OK. I get it. I know you all don't care if I fix the damned toaster or not. You're just having a bit of fun with me. But really, 72% of the votes said that this blog would be better if I fixed the toaster. People, one of your options was more pictures of the most beautiful girl in the world. What were you thinking?
By now I wish I had never written about the stupid toaster in the first place. I know that if I am ever going to get it to work I need to go to the hardware store and get whatever it is I need. But I can't figure out how to do it.
If I bring the toaster in, I look like this big doofus who knows nothing about hardware. Which is true, but I don't want to look like that. Believe me, no guy wants the hardware people to look down their noses at him. And if I try to describe my problem to the people at the store, I cannot figure out how to tell them that I have very small nuts that I need to loosen without them laughing hysterically.
I thought of writing Peter Eland, the guy in the UK who did the picture step-by-step guide to replacing the Dualit element. But he was very, very safety conscious and carried warnings everywhere which basically said "Do not attempt to do this if you are an idiot. And even if you are not an idiot, do not do it unless you really know what you're doing."
How can I reasonably expect this guy to help me out when I tell him I need advice on getting past Step 2 - how to open up the toaster. A step, I might point out, that he considered so elemental that he wrote not one word about how to do it.
So I have been thinking of more creative solutions to this problem, solutions that don't necessarily require fixing the toaster as I originally planned. In the spirit of making lemonade when you get lemons, I am working on a series of breakfast dishes which will use toasted, crispy bread on one side of the slice and soft, untoasted bread on the other side. I will call it one-side-soft toast, so it sounds official.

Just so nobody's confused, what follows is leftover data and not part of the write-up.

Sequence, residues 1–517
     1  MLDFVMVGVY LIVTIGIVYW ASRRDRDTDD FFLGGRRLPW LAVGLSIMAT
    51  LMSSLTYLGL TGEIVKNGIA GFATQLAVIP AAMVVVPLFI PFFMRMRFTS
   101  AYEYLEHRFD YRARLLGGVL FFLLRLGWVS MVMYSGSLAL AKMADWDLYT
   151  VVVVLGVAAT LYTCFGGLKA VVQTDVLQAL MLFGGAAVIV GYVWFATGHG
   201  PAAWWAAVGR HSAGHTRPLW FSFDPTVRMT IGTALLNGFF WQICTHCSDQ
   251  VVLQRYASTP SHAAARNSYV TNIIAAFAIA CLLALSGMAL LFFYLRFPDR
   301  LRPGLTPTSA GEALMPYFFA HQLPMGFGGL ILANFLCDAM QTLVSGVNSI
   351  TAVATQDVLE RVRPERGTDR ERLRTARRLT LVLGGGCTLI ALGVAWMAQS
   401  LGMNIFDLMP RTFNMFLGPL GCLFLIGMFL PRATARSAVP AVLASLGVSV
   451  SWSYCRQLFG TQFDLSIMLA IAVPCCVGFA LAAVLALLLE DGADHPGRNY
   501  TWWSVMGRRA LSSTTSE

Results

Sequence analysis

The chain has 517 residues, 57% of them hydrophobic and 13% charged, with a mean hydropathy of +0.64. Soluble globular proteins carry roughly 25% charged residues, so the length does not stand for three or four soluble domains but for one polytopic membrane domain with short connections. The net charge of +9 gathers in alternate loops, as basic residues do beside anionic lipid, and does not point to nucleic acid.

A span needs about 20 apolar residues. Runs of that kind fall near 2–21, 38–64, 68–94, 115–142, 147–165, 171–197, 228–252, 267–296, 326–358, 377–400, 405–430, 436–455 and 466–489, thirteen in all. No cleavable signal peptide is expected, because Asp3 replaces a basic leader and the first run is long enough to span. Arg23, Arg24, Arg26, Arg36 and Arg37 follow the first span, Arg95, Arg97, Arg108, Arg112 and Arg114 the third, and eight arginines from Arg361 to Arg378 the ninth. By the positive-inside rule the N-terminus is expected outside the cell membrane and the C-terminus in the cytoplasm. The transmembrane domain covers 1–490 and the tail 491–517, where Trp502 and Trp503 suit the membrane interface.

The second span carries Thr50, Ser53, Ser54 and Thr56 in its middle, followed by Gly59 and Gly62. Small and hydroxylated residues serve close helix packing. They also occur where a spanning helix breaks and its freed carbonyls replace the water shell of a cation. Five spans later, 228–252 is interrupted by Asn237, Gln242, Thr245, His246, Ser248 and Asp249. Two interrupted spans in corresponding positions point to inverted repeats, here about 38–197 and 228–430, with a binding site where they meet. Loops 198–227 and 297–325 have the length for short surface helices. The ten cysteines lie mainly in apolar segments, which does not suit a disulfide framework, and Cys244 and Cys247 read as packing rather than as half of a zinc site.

I may be onto a winner here. After all, whenever you have a toasted sandwich, the outside is toasted, but the inside is soft. So why can't we just deconstruct toasted sandwich and have breakfast dishes that use one-side-soft toast? The combination of textures might even end up being quite pleasing. Some people like their eggs over easy, some don't. Isn't it time we started having the same options with our toast?
The only problem I can foresee is figuring out which side to butter, but I would guess the toasted side will be best since that will make the butter melt. But I should probably run some tests to see what happens when you drop a piece of my one-side-soft toast. It's just possible that the different surfaces and weights make the slice tend to flip over, meaning that one side tends to land face down more often than the other.
And much as Isaac Newton figured out gravity by observing apples falling from their tree, I may be close to also finally solving the problem so that bread does not always fall with the buttered side down. And all thanks to my toaster needing a new element.
I hope my idea works out because I need to do something. Today I made breakfast and LK left the room for awhile. When I was making toast (the old-fashioned, double-sided kind), I forgot to turn one of the slices around to toast the part facing the burnt-out element.
Needless to say, toasting the same side twice made it burn pretty badly. I threw it away quickly and was back at the stove when LK returned. She stopped in her tracks and said, "Something's burning." I tried to act as if she hadn't said anything, but then decided to face the issue head on.
That is to say, I tried to make her think she was crazy. "No, dear," I said. "Everything's under control. Nothing's burning." I felt bad misleading her that way, but I really couldn't handle another toaster discussion at the time. All will be well and we can avoid these marital pitfalls in the future, though, if only she ends up liking one-side soft toast as much as I do.